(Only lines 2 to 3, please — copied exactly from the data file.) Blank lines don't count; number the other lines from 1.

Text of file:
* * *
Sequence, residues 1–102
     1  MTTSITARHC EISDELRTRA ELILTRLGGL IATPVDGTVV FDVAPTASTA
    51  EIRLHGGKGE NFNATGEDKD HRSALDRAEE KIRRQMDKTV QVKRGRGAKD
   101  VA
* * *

     1  MTTSITARHC EISDELRTRA ELILTRLGGL IATPVDGTVV FDVAPTASTA
    51  EIRLHGGKGE NFNATGEDKD HRSALDRAEE KIRRQMDKTV QVKRGRGAKD